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Archive for August 9th, 2011

Well done to Mayor Lutfur Rahman for yesterday’s statement about the riots, particularly his remarks about neighbours. However, he let himself be dragged down elsewhere. Here it is:

Tower Hamlets residents will be deeply concerned by the outbreak of rioting and street violence across London. This violence is totally unacceptable.

As your Mayor I urge everyone in our borough to remain calm.

We are one community, one Tower Hamlets; and it is the responsibility of all us as neighbours to look after each other, our local area and our services. The council is working around the clock with community leaders to ensure that this message is taken directly to our young people.

It is also the responsibility of the police to deal with crime in a way that wins the trust of local communities. That job is being made much harder by the cuts to community policing being forced through by the Mayor of London and the government. We need a local police service that remains in touch with, and understands the community.

We do not yet know all the facts behind the outbreak of these disturbances. I believe when full investigations are carried out one of the factors identified will be a sense of anger among our young people that they have been forgotten.

Government cuts are hitting our youth the hardest. Youth unemployment is rising, while youth services are being destroyed.

When opportunities for our young people are closed off, it is inevitable that frustration and alienation will increase. It is a recipe for disaster.

Young people should not target their  anger at their own community. It is not our local shopkeepers and businesses that are to blame.

We must have a genuine debate about how our society is being fractured and divided by an economic crisis made far worse by government policies.

Here in Tower Hamlets my administration will do whatever it can to show that there is another way; by protecting youth services, delivering jobs for local young people, increasing community policing, and showing that they have a future ahead of them that is not worth throwing away.

Tower Hamlets Mayor, Lutfur Rahman

Sadly, I don’t think he really thought about what he said and what he could and should say now.

I don’t know where he was last night, but he certainly wasn’t down the Roman Road. Perhaps he was watching from the expensive and impressive CCTV control room in Tower Hamlets Council’s Mulberry Place.

Along the Roman Road, there are several cameras that feed into that room. In fact, there’s one right by the overturned car which I took a picture of here. The people who work in that room feed their evidence directly to Tower Hamlets police, and Lutfur, I’m sure, would have been given updates. If he wasn’t on the streets he would have known what was going on.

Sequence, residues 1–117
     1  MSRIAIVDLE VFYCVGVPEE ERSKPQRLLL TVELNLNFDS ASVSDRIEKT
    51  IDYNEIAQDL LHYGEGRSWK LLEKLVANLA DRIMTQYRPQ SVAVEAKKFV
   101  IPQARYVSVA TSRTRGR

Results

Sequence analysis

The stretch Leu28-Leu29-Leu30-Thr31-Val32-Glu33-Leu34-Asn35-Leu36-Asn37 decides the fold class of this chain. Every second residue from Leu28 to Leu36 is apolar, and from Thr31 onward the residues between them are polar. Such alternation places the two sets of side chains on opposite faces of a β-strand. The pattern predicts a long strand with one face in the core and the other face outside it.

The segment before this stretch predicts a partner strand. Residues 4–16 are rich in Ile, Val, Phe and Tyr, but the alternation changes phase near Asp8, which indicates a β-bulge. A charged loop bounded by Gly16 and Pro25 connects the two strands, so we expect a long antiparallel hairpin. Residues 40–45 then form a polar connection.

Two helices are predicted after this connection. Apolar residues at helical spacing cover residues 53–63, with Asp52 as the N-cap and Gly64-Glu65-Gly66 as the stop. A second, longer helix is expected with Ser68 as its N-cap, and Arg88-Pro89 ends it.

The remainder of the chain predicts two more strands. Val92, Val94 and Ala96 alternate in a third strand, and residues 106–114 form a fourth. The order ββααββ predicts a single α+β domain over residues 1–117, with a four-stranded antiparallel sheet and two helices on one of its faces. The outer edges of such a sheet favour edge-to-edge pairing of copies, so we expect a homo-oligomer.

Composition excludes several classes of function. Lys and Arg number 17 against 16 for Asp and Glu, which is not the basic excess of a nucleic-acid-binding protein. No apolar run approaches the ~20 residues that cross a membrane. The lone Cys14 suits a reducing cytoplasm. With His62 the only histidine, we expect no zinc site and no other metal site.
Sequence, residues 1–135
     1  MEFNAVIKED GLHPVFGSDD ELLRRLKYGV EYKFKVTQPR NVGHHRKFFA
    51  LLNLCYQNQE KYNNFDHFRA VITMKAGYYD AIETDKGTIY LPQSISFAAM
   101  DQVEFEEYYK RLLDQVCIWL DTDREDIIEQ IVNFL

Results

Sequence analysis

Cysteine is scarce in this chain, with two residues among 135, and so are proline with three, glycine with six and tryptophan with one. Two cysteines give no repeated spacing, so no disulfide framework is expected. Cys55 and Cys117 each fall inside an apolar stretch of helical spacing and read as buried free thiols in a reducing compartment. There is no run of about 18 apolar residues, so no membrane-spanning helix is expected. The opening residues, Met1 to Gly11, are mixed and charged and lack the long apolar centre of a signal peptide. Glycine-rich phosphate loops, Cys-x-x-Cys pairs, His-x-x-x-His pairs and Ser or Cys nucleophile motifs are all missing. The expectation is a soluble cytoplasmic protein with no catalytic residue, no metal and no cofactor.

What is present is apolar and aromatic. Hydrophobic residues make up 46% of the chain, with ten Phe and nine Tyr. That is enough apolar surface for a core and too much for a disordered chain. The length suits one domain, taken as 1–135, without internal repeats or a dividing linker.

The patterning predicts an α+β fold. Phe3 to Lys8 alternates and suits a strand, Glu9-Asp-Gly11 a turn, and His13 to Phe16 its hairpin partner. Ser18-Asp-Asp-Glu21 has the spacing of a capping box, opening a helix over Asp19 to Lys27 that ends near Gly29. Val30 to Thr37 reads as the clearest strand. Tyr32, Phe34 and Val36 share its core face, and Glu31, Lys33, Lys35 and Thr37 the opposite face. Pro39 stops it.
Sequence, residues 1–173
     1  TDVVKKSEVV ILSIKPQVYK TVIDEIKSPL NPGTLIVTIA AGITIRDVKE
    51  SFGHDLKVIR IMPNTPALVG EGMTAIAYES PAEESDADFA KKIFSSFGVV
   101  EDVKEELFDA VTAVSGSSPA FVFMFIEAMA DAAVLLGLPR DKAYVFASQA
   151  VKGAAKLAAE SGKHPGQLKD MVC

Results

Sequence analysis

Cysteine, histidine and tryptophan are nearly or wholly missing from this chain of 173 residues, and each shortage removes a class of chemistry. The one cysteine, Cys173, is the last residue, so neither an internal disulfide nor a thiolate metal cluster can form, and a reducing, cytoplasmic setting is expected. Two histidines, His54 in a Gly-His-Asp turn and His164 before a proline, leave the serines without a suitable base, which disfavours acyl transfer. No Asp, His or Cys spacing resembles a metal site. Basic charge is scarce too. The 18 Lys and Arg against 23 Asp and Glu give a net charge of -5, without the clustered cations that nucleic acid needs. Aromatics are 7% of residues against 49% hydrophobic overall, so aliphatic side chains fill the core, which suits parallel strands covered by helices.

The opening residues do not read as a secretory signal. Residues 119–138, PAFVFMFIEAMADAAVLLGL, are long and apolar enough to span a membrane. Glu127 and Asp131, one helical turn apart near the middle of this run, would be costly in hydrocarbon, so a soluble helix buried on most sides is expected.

How was it that all night that overturned car was simply left there? Where were his £35,000 a head THEOs, the not exactly ubiquitous Tower Hamlets Enforcement Officers he recently decreed were crucial to crime-fighting in the borough?

Here’s what he said about them in June:

“The THEOs have been making a real difference to our communities for over a year now, which is why we protected their funding. They patrol the borough: reassuring residents and responding directly to concerns about anti-social behaviour.”

Were they patrolling yesterday? Well, they weren’t in Bow? What is the point of them if they can’t be deployed when most needed like last night?

Yet, in his statement last night, Lutfur, like his out-of-date mate Ken Livingstone descended into politics. He blamed the Coalition cuts. Well, the THEOs weren’t cut were they?

No, if Lutfur had been on the streets in Bow last night he would have seen with his own eyes exactly what was going on: looting as a spectator game of dare. There was no one there to deter these people.

I know some of the people involved last night because they live extremely close to me. They’re gang members, barely out of their teens. I’ve watched them grow up for years; their mother is an alcoholic. She doesn’t work; I presume she’s been on benefits throughout the time I’ve lived here.

She and her sons live in a lovely three storey housing association home with a garden (worth about £350k, according to property experts). These kids didn’t grow up during a time of cuts. More than one person last night said quite the opposite: it was the bloated spending of the last decade which created the culture of dependency that failed to force their mother to encourage them into work. Let’s face it, they proved last night they don’t lack a certain entrepreneurial spirit. And neither are they “angry youths”.

And if Lutfur had been in Bow and along Bethnal Green Road last night, he would have noticed a couple of other things. Most of last night’s perpetrators were white and black trash scumbags who have no pride in their area and no real sense of community. They’re the ones who looted and encouraged it. In contrast, along Bethnal Green Road, there were groups of Sikh and Bengali shopkeepers standing guard outside their properties and probably prepared to fight if attacked.

This is what Lutfur should be bold enough to say today and ignore anyone who calls him racist. He should tell the returning Boris Johnson and David Cameron they can probably learn a thing or two from the East End: that much like there used to be among post-war white working classes, there is a stronger sense of family and community loyalty among Bengalis here – and they’re much more likely to stand up and defend themselves. Kind of Big Society really.

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